Monday, March 17, 2014

130. Surviving an Ice Storm in Your Tent

There are certain experiences that allow you to look at modern inventions, e.g., a house, and realize just how truly majestically magical they are. In the grand scheme of human existence, solidly built houses are just a wink in time. We survived for 1,000's of years?, 100's of years? a very long time living just in piles of mud and sticks with maybe leaves and stuff (?) and it is coming to my attention that I have a significant lack of knowledge regarding human history. What I'm getting at is that we spent a significant portion of our species development without living in these protective roofed cubes. And yet we feel like we need them!

What makes us, in regular life, so scared to sleep outside without a solid structure built around us? Have we really grown so accustomed to this luxury that we've become soft and wimpy? Probably! But not in the way that you might imagine. The truth is that throughout all of human history, we've always been soft and wimpy. All else being equal, in a fight against a tiger, we are basically just noodly flesh bags. But who has two thumbs and an ability to create tools? THIS SPECIES.

So we learned how to use our thumbs to take things apart to make other things, other incredible inventions like houses and irrigation and plumbing and insulation and the Slap Chop.  And although we might not need all of those things all the time, in certain situations they are imperative. At some point we realized that no matter how much chanting, stomping and butt wiggling we tried, we could not control the weather. Living structures are the only way we have found to be more powerful than the weather, and it is a fallible system.

On the Appalachian Trail, we hardly ever stayed in shelters. Dumptruck and I preferred sleeping in our tent, mostly because it cut down on the likelihood of finding ourselves in the middle of an amphitheater of snoring. More honestly: I talk in my sleep, and I felt bad imposing the random indecipherable soliloquies on innocent strangers. I might have mentioned this before, and I'll probably mention it again, but somewhere along the trail in Pennsylvania, I woke myself up singing Sinatra's "Fly Me To the Moon" in full baritone. Meaning: I was singing so loudly that the sound of my own voice is what roused me from sleep.

The only exception to this rule was when the weather was dangerously bad, or just ceaselessly wet, we would opt to sleep in a shelter. Especially when there was snow or ice that would break the trees and drop giant pieces of wood like bowling balls from the sky, we thought sleeping in a wooden lean-to with a roof was probably safer than risking it in our tent.

But there was one night that we were not so lucky. Dumptruck and I were hiking with Whistle, Hotdog and Apollo, though on this particular day, Dumptruck and I had fallen a distance behind. The snow had started to melt, but then a freezing rain had come through, covering the wilderness in a quarter inch of slick, tail-bone cracking ice. The last threads of sunlight were disappearing from between the branches when Dumptruck and I slip-slidded our way up to a shelter. There were a lot of voices coming from inside. Too many.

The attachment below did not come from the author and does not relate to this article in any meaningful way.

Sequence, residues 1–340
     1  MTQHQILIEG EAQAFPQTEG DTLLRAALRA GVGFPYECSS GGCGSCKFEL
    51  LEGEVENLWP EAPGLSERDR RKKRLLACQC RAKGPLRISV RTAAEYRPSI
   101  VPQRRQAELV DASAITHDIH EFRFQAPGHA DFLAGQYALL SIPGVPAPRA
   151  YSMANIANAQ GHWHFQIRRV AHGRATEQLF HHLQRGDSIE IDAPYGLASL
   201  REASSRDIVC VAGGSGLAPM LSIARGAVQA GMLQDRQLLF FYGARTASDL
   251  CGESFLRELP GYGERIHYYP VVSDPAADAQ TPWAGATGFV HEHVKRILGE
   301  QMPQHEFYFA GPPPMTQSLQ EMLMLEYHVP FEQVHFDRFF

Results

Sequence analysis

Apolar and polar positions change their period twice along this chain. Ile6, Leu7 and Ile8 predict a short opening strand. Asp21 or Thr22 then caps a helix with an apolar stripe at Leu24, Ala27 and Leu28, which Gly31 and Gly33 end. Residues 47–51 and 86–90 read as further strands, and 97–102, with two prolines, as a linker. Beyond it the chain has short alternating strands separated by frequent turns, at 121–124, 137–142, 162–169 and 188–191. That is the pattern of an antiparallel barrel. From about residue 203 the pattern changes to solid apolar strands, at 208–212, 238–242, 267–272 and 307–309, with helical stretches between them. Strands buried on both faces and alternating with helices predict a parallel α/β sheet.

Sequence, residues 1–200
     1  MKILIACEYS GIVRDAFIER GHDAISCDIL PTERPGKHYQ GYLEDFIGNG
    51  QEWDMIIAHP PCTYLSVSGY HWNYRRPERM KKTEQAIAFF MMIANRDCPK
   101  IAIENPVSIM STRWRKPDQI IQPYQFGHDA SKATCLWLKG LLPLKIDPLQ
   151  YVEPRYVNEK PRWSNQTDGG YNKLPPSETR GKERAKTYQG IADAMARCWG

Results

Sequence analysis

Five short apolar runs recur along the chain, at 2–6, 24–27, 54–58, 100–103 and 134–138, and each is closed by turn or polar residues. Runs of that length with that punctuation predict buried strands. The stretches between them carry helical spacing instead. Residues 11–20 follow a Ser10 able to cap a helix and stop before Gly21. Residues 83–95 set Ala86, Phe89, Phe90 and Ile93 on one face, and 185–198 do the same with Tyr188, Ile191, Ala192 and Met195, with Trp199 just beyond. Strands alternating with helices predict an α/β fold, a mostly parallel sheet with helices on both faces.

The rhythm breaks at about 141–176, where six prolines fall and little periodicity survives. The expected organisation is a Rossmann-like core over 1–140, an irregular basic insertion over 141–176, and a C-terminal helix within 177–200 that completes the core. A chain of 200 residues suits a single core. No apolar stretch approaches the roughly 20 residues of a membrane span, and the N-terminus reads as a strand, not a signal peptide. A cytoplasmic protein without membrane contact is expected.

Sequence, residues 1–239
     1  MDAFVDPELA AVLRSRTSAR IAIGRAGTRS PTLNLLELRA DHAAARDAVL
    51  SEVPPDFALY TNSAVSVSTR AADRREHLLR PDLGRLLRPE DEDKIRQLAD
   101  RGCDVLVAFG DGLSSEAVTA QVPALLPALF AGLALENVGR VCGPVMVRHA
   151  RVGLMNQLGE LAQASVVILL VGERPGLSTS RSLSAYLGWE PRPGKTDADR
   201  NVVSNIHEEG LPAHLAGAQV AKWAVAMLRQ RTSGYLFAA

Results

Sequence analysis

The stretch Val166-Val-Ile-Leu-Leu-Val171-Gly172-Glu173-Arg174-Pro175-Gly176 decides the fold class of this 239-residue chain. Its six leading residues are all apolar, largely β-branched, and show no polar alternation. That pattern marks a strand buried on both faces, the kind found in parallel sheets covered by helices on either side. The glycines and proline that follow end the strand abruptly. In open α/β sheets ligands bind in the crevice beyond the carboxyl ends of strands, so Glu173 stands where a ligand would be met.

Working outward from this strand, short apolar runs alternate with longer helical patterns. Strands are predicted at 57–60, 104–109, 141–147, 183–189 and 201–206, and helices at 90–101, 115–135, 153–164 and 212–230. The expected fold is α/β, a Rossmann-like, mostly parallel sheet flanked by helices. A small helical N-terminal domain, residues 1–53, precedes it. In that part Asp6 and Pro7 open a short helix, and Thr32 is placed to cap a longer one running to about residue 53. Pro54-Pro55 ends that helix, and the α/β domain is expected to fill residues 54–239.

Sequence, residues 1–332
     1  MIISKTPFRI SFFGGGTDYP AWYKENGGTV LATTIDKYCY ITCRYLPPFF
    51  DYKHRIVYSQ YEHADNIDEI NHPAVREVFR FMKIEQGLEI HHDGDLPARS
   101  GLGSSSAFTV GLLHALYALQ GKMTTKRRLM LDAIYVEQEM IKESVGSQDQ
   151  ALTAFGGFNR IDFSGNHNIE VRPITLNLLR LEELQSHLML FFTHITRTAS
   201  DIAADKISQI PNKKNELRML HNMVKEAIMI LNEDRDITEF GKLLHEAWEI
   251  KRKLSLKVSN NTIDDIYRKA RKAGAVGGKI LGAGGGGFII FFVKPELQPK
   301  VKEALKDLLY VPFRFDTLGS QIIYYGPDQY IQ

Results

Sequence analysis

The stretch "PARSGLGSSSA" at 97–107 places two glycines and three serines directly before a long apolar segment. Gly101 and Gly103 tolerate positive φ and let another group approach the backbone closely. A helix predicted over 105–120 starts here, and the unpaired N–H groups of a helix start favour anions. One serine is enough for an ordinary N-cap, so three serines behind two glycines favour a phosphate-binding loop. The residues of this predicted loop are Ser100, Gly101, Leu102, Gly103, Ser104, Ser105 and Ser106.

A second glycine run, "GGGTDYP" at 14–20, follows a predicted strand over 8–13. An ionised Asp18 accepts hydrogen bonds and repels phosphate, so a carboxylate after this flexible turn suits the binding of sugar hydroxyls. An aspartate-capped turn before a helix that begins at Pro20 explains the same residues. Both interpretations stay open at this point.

We pulled back the ripped tarp that made up the 4th wall of the lean-to, and found that the shelter was packed with people. Both platform levels were jammed with way too many hikers already, and the floor was covered in an endless sea of hiking gear. Whistle, Hotdog and Apollo apologized profusely for not being able to save us a spot, but that was absolutely fair. Shelters are first come first serve, and we just didn't make it in time. Dumptruck and I realized pretty quickly that we were, as Charles Dickens would so eloquently describe: shit out of luck.

We dug through the ice and snow just outside of the shelter with our hands, trying to shovel out a spot that was somewhat level. We tried to pick a spot that had the least amount of tree cover, to hopefully avoid wayward branches falling on us. I can't say that I slept very well in our tiny fabric tent, as the silence of the wilderness was punctuated by the sounds of the howling winter wind, and the more alarming sounds of trees breaking and large branches crashing to the ground close by. I passed the time by pretending that I was one of the first nomadic settlers of North America, somehow surviving the endless winter, and not even being able to brag about it to anyone because prehistoric nomads don't put up with that kind of nonsense.

I think the next morning we probably could have set some kind of record for packing up and peace-ing out. Even though it was scary, and we woke up to a lot of new tree shrapnel on the ground that wasn't there the night before, there was something pretty cool about surviving the elements without the conveniences of modern living.

Humans are capable of so much more than we give ourselves credit for. Even if it's just making it through a terrifying night without wetting our sleeping bags.

Clever Girl

1 comment:

  1. You know you had a great trail experience when you're just a bit nostalgic for nights like that! To just survive is exciting...brings to mind the Winston Churchill quote from when he was a correspondent in the Boer War: "Nothing is more exhilarating than being shot at without result!" Love, Mom and Dad